Tag Archives: real estate law

Evictions – If a tenant installs a fixture does it become the property of the landlord?

When a tenant installs an item in an apartment, such as track lighting, a chandelier, cabinetry, etc., which item is removable, but is attached to the wall, ceiling or floor of the premises, the installed item is known as a “fixture.”   The standard rule in real estate law is that a fixture becomes a permanent improvement to the premises and may not be removed without the consent of the owner of the premises.  However, in the area of landlord tenant law the courts generally have a bias in favor of allowing a tenant to remove a fixture when the tenant vacates an apartment; although that bias is conditioned upon there being no material damage caused to the premises by the removal of the fixture.  If the landlord wants the fixture to remain then the landlord must show that the tenant intended or agreed that the fixture would remain at the premises.  Additionally, or alternatively, if the landlord can show that the removal of the fixture would cause material damage to the premises then the court will likely not allow the removal of the fixture unless the tenant pays for the necessary restoration of the unit after the removal of the fixture.  So, in the area of landlord tenant law the general rule is if a fixture can be removed without causing any material damage to the premises then the fixture may be removed, unless the landlord can show it was intended by the tenant that the fixture become a permanent part of the premises or that the removal will cause material damage to the premises. 

I advise all tenants to first check with their landlords before installing a fixture.   Indeed, most written tenancy agreements require the landlord’s advance approval to install a fixture.   The landlord and the tenant should then enter into a written agreement to establish whether the fixture will stay or go when the tenant moves out.

At Topkins & Bevans we have years of experience in handling commercial and residential evictions on behalf of landlords as well as tenants.   If you have need of an eviction attorney please contact Topkins & Bevans so that a skilled attorney may assess your case and guide you through the process

When is an Offer to Purchase a P&S? The answer, Almost Always!

Many people that deal with real estate on a daily basis do not realize the ramifications of a signed Offer to Purchase Real Estate (the “Offer”). If the Offer meets the requirements of the Statute of Frauds, the parties intend to be bound and the other essential contract terms are present, presto, you have a Purchase and Sale Agreement or an enforceable contract to purchase real estate (“P&S”).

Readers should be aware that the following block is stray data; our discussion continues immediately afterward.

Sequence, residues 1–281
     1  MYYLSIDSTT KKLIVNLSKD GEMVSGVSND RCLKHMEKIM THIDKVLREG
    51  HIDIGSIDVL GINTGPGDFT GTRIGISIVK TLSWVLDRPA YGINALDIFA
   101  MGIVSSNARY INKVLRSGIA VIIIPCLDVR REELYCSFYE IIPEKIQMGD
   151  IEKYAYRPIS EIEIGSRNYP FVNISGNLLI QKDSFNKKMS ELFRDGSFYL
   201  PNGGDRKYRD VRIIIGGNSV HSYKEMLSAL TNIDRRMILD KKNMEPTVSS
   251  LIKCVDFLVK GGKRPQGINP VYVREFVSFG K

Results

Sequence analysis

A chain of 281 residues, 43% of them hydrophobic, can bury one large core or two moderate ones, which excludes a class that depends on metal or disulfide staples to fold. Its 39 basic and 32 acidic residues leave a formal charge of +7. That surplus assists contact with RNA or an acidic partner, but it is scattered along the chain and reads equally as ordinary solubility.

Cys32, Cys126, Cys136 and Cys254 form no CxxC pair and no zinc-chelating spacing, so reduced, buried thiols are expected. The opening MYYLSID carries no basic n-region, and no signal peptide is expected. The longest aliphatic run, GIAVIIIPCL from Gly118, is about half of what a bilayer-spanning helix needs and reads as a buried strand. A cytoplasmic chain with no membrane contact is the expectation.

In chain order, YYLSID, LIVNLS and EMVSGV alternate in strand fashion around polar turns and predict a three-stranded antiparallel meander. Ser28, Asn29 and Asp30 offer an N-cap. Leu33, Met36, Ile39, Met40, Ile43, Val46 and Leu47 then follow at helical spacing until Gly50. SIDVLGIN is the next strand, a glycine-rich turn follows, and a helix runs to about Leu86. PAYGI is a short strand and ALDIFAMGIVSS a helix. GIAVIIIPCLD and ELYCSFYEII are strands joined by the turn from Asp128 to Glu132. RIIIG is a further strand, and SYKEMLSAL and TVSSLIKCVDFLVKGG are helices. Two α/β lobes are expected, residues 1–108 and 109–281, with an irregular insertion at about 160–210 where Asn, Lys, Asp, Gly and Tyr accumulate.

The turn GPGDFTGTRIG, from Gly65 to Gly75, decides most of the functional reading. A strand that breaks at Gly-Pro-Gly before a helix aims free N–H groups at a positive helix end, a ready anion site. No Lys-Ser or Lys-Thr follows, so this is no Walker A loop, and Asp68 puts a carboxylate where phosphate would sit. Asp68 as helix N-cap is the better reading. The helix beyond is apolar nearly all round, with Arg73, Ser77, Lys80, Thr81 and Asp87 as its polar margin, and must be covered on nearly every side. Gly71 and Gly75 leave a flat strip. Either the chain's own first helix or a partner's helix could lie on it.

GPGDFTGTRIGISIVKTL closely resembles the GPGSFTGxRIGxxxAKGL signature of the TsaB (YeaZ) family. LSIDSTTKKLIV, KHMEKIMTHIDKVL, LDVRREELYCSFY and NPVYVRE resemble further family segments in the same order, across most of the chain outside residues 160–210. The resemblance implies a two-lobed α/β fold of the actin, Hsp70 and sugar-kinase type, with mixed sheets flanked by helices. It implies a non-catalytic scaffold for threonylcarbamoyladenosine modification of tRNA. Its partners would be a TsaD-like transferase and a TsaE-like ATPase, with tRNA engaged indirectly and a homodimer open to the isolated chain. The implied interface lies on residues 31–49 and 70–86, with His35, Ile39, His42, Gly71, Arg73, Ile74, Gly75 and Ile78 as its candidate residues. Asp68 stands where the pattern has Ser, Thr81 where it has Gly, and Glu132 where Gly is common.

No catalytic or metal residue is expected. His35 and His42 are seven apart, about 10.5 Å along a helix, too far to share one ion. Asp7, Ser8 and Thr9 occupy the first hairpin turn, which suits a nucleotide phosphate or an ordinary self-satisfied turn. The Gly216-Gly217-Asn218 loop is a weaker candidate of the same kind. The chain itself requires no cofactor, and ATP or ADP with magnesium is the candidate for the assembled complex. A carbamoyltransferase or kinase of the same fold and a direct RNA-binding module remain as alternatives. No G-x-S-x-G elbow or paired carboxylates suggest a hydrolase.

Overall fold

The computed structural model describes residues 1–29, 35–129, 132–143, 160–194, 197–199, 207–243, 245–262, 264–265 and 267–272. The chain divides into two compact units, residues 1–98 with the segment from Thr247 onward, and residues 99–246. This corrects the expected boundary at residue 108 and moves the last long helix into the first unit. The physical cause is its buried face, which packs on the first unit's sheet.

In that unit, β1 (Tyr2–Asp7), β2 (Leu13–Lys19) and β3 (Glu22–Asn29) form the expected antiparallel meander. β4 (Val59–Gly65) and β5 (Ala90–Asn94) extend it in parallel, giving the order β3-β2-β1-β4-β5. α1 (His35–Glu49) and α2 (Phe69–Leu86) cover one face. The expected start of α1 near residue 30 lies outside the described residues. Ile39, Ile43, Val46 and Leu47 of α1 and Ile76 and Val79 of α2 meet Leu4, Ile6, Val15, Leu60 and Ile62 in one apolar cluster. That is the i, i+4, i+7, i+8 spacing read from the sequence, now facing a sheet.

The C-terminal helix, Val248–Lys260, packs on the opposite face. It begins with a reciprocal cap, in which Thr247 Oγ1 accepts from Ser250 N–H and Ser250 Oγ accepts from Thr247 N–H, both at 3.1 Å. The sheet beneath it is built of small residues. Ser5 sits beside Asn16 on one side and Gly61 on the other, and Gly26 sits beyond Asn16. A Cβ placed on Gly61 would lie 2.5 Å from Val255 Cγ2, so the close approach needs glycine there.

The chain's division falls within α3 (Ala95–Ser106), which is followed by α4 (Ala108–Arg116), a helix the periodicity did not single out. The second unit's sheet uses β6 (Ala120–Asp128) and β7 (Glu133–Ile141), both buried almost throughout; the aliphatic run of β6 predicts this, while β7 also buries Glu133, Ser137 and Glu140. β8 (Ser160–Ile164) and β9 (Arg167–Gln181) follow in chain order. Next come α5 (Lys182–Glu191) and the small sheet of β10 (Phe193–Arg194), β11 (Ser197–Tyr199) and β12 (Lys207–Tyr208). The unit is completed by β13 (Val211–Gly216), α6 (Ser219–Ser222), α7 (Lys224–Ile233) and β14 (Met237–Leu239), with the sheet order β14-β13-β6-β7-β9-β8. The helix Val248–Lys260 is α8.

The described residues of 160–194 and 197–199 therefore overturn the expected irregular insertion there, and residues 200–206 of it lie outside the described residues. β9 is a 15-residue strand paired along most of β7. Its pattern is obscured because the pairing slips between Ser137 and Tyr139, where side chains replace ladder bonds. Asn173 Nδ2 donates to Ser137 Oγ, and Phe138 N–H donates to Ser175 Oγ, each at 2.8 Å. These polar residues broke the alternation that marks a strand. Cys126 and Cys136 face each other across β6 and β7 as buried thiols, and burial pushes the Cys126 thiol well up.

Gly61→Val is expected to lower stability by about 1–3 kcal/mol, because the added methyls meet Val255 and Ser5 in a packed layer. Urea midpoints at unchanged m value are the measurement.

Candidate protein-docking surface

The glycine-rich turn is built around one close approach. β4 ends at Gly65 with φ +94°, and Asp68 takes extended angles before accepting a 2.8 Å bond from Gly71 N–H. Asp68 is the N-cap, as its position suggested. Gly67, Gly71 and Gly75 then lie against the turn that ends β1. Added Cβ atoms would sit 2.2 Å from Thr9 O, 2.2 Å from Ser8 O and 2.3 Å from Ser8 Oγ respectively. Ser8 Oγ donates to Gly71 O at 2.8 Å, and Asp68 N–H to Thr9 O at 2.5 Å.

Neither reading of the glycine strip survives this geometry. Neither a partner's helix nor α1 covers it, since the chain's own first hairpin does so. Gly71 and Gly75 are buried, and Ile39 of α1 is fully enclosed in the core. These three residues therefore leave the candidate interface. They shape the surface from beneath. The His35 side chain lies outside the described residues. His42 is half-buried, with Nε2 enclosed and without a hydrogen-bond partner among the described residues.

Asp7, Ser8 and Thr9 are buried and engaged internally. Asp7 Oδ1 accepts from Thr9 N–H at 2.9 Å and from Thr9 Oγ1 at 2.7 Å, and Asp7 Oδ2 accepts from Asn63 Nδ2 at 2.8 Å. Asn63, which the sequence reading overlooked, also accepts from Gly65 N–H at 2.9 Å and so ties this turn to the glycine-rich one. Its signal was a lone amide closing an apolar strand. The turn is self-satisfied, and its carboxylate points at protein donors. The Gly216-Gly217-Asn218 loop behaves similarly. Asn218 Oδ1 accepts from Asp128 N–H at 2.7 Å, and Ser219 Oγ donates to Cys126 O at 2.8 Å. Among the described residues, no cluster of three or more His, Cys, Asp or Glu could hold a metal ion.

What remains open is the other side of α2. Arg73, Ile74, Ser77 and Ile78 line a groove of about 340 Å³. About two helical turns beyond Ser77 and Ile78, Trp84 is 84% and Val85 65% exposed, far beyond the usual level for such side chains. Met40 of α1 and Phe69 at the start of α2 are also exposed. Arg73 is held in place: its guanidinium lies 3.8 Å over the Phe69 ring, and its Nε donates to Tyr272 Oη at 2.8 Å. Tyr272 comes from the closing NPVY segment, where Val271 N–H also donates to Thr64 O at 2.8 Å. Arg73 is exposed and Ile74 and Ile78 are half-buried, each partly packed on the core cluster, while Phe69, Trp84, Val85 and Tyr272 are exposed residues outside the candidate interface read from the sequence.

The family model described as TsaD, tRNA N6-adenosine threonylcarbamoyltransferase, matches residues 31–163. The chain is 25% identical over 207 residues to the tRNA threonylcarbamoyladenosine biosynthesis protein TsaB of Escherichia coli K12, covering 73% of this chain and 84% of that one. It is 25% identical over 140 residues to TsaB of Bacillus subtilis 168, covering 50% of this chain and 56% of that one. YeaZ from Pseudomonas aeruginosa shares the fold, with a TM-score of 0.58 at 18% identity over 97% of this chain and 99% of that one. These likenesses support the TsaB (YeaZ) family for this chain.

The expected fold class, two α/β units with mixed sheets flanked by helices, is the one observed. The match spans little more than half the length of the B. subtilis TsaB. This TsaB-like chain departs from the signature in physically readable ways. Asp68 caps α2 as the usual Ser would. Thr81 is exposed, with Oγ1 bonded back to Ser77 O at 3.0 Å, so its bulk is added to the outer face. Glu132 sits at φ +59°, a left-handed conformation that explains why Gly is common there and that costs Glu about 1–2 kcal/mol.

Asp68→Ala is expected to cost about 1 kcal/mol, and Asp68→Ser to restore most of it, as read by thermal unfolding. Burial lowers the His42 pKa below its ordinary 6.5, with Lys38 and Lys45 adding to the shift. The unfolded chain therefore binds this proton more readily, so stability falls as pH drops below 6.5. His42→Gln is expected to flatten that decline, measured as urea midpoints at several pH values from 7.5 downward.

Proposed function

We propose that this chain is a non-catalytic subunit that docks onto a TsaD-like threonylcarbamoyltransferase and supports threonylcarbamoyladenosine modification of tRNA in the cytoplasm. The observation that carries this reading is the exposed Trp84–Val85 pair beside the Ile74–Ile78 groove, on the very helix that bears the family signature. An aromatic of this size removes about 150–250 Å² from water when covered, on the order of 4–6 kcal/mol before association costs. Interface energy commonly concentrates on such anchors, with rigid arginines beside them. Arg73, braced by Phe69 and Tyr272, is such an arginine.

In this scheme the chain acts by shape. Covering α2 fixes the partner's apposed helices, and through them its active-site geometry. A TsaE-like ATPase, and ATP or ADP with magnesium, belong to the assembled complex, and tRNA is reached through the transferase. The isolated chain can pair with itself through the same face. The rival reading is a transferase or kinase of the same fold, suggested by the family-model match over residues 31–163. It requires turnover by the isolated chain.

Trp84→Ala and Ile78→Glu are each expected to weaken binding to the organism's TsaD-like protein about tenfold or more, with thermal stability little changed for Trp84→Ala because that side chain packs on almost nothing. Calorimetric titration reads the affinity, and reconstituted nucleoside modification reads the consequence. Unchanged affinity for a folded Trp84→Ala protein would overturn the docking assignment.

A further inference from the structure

1 The Requirements of the Statute of Frauds:

A contract for the sale of land must be in writing and signed by the parties or an authorized agent of the parties. The parties would be the buyer and seller. Make sure the record owner of the property is signing the Offer. The property must be described so that it can be identified.

Compliance with the Statute of Frauds does not necessarily require a purchase price, a time to complete the transfer or the quality of title that has to be conveyed Inflatable Arches.

2. Intention to be Bound:

It is not sufficient to make the offer contingent upon the execution of a P&S. If the parties do not want to have the Offer become a P&S, they must include language that is similar to “this offer is intended only as a memorandum of the anticipated agreement and the parties do not intend to be bound but its terms.” The inclusion of this language may not be enough for a court to find that the Offer was a P&S but it gives you a much stronger argument.

3. Essential Contract Terms

The parties are indentified, purchase price, title condition and a closing date. In certain cases even these terms have been determined to be non-essential. Most of the Standard Offers used contain all of the essential terms and a binding agreement will be found. So if you are completing an Offer to Purchase assume it can be determined to be a P&S. If you assume this you must make sure that all of the anticipated terms of the transaction are included.

Your continued conduct and actions will also determine your ability to enforce the contract. If you do not comply with all of the terms of the offer your ability to enforce the Offer as a P&S will be significantly negatively impacted.

So before you execute that Offer make sure you have met with and discussed it with an attorney that will be representing your interests as a buyer or seller, we recommend that you contact us Topkins and Bevans.

Thinking and going outside the box for your client

We were recently faced with a problem for a client. The property they had acquired through a foreclosure was missing small but crucial additional lot (the “small lot”). This smaller lot of land had been added to the main lot some twenty years ago.  This was done when work was being done on the house. When the building permit was applied for a zoning issue came up. The solution to the zoning issue was to obtain the small lot from the neighbor. This is not an unusual situation at all. The deed was recorded and the work done.